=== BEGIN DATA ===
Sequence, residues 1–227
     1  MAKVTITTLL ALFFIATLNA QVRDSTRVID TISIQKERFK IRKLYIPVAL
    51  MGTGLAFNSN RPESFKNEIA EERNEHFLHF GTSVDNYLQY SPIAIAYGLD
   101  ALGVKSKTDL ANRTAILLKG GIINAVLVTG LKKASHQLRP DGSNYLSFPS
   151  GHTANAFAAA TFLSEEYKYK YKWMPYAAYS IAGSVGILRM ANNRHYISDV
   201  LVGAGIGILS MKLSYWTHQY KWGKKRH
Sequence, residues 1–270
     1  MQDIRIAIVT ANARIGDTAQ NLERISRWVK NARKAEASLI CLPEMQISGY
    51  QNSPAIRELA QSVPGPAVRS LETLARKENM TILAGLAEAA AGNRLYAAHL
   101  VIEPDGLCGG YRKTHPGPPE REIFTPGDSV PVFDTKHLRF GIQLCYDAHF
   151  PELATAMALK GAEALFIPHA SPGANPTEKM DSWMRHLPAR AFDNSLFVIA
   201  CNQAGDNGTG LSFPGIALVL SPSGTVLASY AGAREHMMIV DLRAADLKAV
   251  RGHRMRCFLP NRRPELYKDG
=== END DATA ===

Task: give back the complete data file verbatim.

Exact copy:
Sequence, residues 1–227
     1  MAKVTITTLL ALFFIATLNA QVRDSTRVID TISIQKERFK IRKLYIPVAL
    51  MGTGLAFNSN RPESFKNEIA EERNEHFLHF GTSVDNYLQY SPIAIAYGLD
   101  ALGVKSKTDL ANRTAILLKG GIINAVLVTG LKKASHQLRP DGSNYLSFPS
   151  GHTANAFAAA TFLSEEYKYK YKWMPYAAYS IAGSVGILRM ANNRHYISDV
   201  LVGAGIGILS MKLSYWTHQY KWGKKRH
Sequence, residues 1–270
     1  MQDIRIAIVT ANARIGDTAQ NLERISRWVK NARKAEASLI CLPEMQISGY
    51  QNSPAIRELA QSVPGPAVRS LETLARKENM TILAGLAEAA AGNRLYAAHL
   101  VIEPDGLCGG YRKTHPGPPE REIFTPGDSV PVFDTKHLRF GIQLCYDAHF
   151  PELATAMALK GAEALFIPHA SPGANPTEKM DSWMRHLPAR AFDNSLFVIA
   201  CNQAGDNGTG LSFPGIALVL SPSGTVLASY AGAREHMMIV DLRAADLKAV
   251  RGHRMRCFLP NRRPELYKDG